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Rajoub to Hamas: Call Us When You Set Your Mind on Elections | ASHARQ AL-AWSAT English Archive 2005 -2017
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Hamas leader Khaled Meshaal and Palestinian President Mahmoud Abbas speak to the media after their meeting in Cairo. REUTER/Asmaa Waguih

Ramallah: Palestinian officials asserted that Qatar is spending efforts to resume reconciliatory talks between Fatah and Hamas in Doha, after they were halted last week due to disputes concerning means to implement the reconciliation.

Head of Fatah Movement Information Department Munir al-Jaghoub told Asharq Al-Awsat newspaper: “We expect talks to resume on Monday or Tuesday. Fatah is determined to end the dispute and we call on Hamas to take the same stance. We should hold general elections to end the current division and whoever wins will rule in the West Bank and Gaza.”

Al-Jaghoub said that Fatah presented its proposal to Hamas when talks had reached a dead-end. However, Hamas officials refused it.

“We will continue our efforts in this regard,” he said.

The latest talks between Fatah and Hamas collapsed after rival parties reached a dead-end concerning the file of former employees and the Palestinian Legislative Council, in addition to the program of the anticipated national unity government.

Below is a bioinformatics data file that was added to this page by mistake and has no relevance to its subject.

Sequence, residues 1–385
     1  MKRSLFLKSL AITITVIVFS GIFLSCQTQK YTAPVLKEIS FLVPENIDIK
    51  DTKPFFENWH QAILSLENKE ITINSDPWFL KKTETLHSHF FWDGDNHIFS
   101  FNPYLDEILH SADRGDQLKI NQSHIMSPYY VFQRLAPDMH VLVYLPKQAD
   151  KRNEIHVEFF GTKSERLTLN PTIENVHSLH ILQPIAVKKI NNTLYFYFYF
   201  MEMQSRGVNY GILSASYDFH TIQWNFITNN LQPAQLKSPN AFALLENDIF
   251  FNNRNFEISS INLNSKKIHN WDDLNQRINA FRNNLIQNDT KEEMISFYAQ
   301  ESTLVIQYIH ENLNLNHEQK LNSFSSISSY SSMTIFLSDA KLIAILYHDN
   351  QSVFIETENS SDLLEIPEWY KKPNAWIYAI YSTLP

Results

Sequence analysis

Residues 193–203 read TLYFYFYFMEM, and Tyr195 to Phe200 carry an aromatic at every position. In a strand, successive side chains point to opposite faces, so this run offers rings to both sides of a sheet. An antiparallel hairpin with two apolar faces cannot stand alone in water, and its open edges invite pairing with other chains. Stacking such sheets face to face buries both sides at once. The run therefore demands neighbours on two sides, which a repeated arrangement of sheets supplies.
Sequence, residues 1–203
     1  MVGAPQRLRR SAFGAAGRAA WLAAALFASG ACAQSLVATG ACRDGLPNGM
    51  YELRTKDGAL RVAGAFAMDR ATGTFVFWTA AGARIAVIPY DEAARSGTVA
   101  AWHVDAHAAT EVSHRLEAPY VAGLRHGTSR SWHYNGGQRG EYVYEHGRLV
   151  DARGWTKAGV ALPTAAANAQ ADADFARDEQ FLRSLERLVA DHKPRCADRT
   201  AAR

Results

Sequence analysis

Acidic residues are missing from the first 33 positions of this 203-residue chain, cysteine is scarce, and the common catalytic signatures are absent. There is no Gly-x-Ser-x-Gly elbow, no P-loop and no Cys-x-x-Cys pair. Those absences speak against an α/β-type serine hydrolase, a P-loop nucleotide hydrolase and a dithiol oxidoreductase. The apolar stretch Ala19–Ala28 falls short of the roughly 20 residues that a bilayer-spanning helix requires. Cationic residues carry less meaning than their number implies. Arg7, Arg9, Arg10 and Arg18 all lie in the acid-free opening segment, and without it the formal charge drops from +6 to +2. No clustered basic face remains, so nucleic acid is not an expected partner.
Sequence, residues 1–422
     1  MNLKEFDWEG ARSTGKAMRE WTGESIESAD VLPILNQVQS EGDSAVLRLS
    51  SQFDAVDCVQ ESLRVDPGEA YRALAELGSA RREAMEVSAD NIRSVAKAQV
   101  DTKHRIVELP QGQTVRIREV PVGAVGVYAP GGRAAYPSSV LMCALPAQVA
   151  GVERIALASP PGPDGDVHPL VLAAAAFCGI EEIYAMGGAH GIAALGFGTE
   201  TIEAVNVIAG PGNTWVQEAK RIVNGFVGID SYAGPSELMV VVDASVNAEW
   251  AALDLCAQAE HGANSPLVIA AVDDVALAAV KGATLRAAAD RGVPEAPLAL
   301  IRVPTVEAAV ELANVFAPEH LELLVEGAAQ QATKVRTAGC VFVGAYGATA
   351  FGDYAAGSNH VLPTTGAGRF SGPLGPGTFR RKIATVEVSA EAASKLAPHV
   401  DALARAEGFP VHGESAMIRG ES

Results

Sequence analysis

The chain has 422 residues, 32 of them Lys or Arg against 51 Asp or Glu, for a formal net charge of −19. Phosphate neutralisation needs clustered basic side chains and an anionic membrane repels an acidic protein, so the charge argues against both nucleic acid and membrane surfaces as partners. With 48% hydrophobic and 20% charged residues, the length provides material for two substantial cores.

Hamas blamed Fatah for the failure of the Doha-hosted talks after it said the rival group shifted its position on agreements reached in prior meetings.

Hamas spokesman Sami Abu Zuhri said Fatah has reneged on its promises to revive the Palestinian Legislative Council and resolve the problem of Gaza employees.

Sources said that Fatah insists on establishing a unity government that adopts the program of the Palestine Liberation Organization (PLO), which is rejected by Hamas,” he said.

Abu Zuhri added that the Fatah delegation did not complete the day’s scheduled meetings and withdrew during the second session.

Fatah spokesman Osama al-Qawasmi replied by saying that the delegation headed to Doha with a decision to end the division based on partnership, democracy and forming a national unity government.

Al-Qawasmi added that the Doha meetings showed that Hamas is “not ready yet for national unity and political partnership.”

He stressed that Fatah will continue its efforts to end division between both factions, and will continue “urging Hamas to head towards real national unity.”

The current round of talks between Fatah and Hamas in Doha, the third of its kind, aim at continuing discussions on reaching a national unity government.

Sources close to the matter told Asharq Al-Awsat that old disputes between both factions remained unsolved, as participants in the Doha talks failed to agree on the political program of the next national unity government, the issue of former employees from the Hamas Movement and the Palestinian Legislative Council.

The sources said that Hamas delegation insisted that all its former government employees be quickly reemployed. However, the Fatah delegation replied that a legal committee is ready to reemploy some and to compensate for the others. Hamas refused again. At the end of talks, the Fatah delegation concluded that reaching an agreement remained complicated.

Deputy Secretary-general of the Fatah Central Committee Jibril Rajoub told Hamas officials: “Let us hold elections… We want to set a date, so when you have an answer, you know our phone numbers.”